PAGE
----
Fate of Calgary's hail damage repair rebate to be decided by city council

Council is set to vote on ending the roof rebate program used to help Calgarians who suffered extensive hail damage after storms 2020 and 2021.

City council will vote Tuesday on an executive committee's recommendation to terminate the Resilient Roofing Rebate program when initial funding runs dry.

The program was brought forward to help those impacted by back-to-back years of hailstorms, causing more than a billion dollars in damage.

The city says the program provided a $3,000 rebate for homeowners who installed Class 4 impact-resistant roofing.

Damages following the June 2020 hailstorm were pegged at $1.2 billion, with $800 million of that in damages to the roof of homes across much of Northeast Calgary.

The Karbani's Taradale home suffered hail damage in 2016 and even more in 2020, forcing them to replace their shingles.

"Without even seeing the rebate program, we decided on the early onset we were going to upgrade our roof tiles because it was the right thing to do," said Noshy Karbani.

In July 2021, even more homes were damaged through the southeast due to another hail event. The Insurance Bureau of Canada pegged that damage at around $247 million.

The rebate program received $5.25 million under the previous council.

When that funding runs out, those who have applied and not received a grant will not receive it, something the city says could create backlash, despite recommending the program end.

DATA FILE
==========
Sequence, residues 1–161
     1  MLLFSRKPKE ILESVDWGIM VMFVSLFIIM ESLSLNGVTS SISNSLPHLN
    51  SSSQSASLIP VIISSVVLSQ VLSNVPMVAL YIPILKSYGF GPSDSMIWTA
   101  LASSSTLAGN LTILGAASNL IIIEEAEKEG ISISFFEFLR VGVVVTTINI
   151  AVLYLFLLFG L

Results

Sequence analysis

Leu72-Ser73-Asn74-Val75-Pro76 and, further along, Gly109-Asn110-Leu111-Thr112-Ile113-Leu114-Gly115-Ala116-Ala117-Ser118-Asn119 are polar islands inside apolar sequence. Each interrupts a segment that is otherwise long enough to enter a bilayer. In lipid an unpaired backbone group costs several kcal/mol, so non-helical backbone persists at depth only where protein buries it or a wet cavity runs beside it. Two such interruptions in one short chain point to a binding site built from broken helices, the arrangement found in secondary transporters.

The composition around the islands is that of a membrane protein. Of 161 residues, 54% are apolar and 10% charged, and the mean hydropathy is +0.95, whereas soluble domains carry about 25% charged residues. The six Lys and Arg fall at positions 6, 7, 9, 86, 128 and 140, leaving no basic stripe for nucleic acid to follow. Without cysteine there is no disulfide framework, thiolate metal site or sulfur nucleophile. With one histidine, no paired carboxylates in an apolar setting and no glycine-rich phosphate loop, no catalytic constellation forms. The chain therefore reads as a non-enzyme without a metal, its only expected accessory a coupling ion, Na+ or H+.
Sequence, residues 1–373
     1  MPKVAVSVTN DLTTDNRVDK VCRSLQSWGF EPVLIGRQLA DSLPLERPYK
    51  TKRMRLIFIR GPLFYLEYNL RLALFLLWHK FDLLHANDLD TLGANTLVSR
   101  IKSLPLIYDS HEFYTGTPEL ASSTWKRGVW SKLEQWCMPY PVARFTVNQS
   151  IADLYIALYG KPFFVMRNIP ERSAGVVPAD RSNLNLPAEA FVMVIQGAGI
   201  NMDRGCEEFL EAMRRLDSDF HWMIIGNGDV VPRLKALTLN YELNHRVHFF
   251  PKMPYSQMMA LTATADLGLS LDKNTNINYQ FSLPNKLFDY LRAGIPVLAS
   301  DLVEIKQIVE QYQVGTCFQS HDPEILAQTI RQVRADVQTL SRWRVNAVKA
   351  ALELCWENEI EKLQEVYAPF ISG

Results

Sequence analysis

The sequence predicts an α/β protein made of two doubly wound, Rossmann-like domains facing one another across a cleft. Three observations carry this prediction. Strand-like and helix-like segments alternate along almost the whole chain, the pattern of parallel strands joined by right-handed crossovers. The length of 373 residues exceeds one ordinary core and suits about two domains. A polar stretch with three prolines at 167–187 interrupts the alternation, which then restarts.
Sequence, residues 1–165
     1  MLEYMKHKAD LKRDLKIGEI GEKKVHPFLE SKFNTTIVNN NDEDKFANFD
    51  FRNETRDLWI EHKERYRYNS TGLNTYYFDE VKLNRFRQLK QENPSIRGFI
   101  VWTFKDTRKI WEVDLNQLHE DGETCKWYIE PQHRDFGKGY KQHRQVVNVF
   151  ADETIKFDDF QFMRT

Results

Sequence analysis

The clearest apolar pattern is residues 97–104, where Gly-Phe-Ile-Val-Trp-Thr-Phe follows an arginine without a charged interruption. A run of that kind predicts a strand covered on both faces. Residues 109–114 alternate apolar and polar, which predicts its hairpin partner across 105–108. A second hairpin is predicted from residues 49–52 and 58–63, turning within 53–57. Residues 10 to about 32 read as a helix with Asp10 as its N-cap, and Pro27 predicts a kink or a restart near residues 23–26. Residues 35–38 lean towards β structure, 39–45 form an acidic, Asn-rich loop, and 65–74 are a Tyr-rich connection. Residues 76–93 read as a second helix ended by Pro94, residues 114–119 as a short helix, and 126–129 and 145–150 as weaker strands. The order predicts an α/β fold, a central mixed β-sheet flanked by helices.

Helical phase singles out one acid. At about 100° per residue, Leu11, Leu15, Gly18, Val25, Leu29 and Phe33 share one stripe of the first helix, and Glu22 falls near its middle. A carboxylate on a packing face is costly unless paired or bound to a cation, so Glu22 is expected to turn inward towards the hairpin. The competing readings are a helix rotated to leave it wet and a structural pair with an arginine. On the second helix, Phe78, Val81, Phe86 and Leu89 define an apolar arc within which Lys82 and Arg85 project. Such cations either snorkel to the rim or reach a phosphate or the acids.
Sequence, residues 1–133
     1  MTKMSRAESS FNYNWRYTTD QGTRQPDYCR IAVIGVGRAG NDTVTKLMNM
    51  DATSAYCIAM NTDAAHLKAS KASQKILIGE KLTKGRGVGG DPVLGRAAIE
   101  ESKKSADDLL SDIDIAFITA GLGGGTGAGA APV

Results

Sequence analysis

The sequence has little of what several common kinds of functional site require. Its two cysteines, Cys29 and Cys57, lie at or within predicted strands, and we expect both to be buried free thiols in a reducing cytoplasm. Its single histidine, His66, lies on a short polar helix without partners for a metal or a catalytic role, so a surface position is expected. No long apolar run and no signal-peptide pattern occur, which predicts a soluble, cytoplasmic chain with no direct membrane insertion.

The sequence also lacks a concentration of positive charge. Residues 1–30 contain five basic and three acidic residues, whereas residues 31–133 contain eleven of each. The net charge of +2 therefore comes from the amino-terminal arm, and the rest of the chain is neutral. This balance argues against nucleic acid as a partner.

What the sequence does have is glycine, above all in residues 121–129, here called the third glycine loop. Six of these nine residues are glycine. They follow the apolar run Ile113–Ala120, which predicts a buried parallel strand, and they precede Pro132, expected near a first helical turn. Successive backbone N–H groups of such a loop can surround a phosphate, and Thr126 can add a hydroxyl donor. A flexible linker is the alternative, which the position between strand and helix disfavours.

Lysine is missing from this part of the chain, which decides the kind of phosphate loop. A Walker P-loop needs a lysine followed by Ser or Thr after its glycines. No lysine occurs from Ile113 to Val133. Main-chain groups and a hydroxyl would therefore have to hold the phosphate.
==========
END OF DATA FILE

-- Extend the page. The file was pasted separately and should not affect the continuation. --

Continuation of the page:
In 2020, 562 homes that were damaged used the rebate, while a further 511 did so from the 2021 hail disaster, totalling about $3.35 million in rebates.

The city says another $1 million is on hold for more than 300 applicants who applied for funding.

However, there are still 1,574 applications that have not been reviewed, and to continue the program would cost an additional $5 million.

The Karbani's suggest since the city is carrying a surplus of $105 million, it should help residents transition to a more sustainable home.

"A bit of shock to us, that they put it out there, that there was a grant available and saying all of a sudden, halfway through, that we don't have enough money," said Khalil Karbani.

"I think they can dip in there, even if they can't dip into it fully, for the $5 million. Maybe they can give potentially half to the applicants that qualify."

Eighty-three percent of the rebate fund has been used, with the majority of homes in Ward's 12, 13 and 14 taking advantage.

Council is expected to vote on the recommendation at their next meeting Tuesday.